Study says tougher teen driving standards could save lives

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One study suggests that a young passenger riding with a teen driver may not be the scary situation some believe. Image: OakleyOriginlas/Flickr/CC BY

A new study suggests that 500 lives would be spared and nearly 10,000 crashes eliminated every year if states enacted tougher licensing standards for teen drivers. Meanwhile, a separate study suggests that peer-group passengers may actually deter teen drivers from texting behind the wheel.

Regulation can reduce deaths

In its study, released May 31, the Insurance Institute for Highway Safety pointed out that teen driver traffic death have fallen in the past decade and a half, after graduated licensing programs were adopted by most U.S. states. However, says the study, more can be done to further reduce the grim statistics.

Graduated driver licenses

Graduated driver licenses (GDLs) progressively relax restrictions as a young driver gains motoring experience. Generally, they involve issuing a learner’s permit, followed by an intermediate license and finally, a full license.

Wade Newton, of the Alliance of Automobile Manufacturers, said:

“Data show that it’s effective to limit teens’ driving opportunities until they’ve gained greater experience, and GDLs do just that.”

Five toughest standards

Thursday’s insurance industry-backed study concluded that all states should adopt five of the most stringent standards currently in force in some states.

Anne McCartt, the Insurance Institute for Highway Safety’s senior vice president for research, said:

“Even the best states can do better. There’s room for improvement across the board, and states could see immediate reductions in fatal crashes and collision claims as soon as the beefed-up provisions are in force.”

First, according to the report, the minimum age to get a full license should be 17. In most states, that age is still 16. Only New Jersey applies the tougher standard at this time.

Secondly, the Institute believes that leaner permits should not be issued until age 16. At this time, only Connecticut, Delaware, District of Columbia, Kentucky, New Jersey, New York, Pennsylvania, Massachusetts and Rhode Island adhere to that standard.

Thirdly, that a young motorist must have 65 supervised hours behind the wheel before he or she can get a license. Pennsylvania is the only state currently practicing that policy.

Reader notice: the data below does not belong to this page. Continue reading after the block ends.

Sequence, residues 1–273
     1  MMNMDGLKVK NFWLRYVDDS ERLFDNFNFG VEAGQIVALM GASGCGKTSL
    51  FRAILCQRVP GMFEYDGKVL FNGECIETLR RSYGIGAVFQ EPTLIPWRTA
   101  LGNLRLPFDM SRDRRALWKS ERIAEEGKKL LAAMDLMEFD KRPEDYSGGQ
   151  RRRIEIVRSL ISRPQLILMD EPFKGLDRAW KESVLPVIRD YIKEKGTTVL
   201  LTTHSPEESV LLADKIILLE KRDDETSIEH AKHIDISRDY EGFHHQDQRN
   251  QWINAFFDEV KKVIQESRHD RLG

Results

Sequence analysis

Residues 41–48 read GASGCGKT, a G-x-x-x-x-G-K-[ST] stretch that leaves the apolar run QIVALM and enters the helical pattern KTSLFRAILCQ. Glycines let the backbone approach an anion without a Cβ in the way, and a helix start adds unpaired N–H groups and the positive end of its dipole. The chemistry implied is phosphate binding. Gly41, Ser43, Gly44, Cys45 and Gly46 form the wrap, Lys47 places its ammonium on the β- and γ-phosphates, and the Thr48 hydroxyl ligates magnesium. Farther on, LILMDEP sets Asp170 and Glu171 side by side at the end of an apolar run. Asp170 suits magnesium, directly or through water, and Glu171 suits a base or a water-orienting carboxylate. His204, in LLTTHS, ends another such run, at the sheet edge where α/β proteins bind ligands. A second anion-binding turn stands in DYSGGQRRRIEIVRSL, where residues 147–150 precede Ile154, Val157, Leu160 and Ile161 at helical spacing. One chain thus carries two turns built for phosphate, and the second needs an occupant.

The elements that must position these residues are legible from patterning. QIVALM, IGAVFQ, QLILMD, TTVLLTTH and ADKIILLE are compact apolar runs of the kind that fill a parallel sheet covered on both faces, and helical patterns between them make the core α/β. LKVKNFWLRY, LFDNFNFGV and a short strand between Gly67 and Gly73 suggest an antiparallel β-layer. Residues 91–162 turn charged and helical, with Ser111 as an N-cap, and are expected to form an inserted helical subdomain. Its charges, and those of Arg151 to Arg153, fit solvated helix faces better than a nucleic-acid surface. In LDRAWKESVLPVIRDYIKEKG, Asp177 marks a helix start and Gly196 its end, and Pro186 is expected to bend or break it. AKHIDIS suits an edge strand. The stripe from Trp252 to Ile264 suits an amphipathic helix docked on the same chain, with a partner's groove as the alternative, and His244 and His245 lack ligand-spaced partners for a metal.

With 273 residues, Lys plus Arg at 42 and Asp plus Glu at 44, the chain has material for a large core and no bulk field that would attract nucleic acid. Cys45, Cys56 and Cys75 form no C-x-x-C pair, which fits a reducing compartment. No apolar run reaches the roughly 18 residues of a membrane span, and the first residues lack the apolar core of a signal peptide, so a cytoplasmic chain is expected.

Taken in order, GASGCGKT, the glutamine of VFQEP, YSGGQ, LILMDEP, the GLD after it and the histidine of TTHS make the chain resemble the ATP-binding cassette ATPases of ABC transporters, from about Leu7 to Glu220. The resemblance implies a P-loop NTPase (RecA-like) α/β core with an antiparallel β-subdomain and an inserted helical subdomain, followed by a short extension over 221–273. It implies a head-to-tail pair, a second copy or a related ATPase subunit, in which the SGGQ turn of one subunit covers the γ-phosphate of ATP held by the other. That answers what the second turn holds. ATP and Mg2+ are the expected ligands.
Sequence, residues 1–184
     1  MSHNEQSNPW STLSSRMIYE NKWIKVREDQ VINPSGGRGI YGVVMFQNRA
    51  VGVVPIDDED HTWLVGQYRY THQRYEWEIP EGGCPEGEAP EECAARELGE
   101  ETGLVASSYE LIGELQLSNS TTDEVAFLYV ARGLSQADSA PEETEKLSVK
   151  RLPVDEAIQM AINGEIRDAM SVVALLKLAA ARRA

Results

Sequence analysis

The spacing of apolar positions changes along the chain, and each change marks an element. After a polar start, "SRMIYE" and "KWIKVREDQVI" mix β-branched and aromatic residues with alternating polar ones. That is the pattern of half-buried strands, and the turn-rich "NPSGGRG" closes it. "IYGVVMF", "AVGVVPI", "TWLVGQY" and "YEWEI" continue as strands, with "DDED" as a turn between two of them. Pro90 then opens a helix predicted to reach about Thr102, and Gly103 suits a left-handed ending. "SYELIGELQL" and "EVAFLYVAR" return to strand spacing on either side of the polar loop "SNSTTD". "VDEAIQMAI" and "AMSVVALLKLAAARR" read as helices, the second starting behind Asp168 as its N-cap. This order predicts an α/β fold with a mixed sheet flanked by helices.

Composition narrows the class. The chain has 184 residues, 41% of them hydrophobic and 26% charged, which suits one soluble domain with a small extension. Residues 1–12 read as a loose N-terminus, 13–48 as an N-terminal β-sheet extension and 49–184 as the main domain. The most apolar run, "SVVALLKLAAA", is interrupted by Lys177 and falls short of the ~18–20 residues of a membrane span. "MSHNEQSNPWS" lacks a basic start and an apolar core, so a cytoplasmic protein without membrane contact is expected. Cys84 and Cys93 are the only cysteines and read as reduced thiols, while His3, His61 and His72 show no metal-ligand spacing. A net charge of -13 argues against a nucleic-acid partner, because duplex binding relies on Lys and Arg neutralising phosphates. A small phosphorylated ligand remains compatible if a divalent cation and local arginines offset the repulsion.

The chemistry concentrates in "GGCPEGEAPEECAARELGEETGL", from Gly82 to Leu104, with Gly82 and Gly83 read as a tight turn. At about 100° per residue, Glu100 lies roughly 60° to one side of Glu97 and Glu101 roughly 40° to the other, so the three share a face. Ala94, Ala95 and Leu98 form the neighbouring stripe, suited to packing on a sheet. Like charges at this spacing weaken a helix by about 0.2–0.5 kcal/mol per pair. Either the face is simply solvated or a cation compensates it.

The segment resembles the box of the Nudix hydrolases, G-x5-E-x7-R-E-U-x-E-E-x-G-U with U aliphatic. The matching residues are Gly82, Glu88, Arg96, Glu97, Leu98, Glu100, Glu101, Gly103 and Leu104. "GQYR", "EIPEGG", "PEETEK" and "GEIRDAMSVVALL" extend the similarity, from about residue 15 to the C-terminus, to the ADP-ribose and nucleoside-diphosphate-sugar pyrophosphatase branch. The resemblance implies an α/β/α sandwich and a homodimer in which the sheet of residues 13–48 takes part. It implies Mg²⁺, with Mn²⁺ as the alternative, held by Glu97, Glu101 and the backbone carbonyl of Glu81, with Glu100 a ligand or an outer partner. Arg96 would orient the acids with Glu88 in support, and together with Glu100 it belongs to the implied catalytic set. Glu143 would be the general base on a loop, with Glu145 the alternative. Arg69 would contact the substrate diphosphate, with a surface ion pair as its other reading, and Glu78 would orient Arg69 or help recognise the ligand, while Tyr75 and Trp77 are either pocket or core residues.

Fourth, like Idaho and South Carolina, the report believes restriction should be placed on teens driving after 8 p.m.  And lastly, the study believes in restricting teen passengers when a teen is at the wheel. Currently the most popular move of the bunch, such measures are on the books in 15 states, plus Washington, D.C.

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Disagreement over peer influence

However, while the insurance industry study sides with popular wisdom that teen drivers should be restricted from having teen passengers in the vehicle, a separate study from Consumer Reports, released Wednesday, May 30, concludes that teen drivers may be less likely to talk on a cellphone or to text when they have peers riding along.

Nearly half of the 1,000 16- to 21-year olds surveyed admitted to talking on a cellphone while driving. Another 27 percent admitted to texting behind the wheel. However, nearly half agreed that they were less likely to do so if they had a peer in the car with them. Nearly half also said they have asked a fellow teen to not text or use the phone while driving.

Liza Barth, associate Web editor for autos at Consumer Reports, said:

“There’s a stigma around it, so maybe they’re getting that peer influence.”

Learning begins at home

In this case, fellow teens may be acting as greater role models than the parents of some of those teens surveyed. A full 48 percent of those surveyed said they have observed one or both parents use a cellphone while driving.


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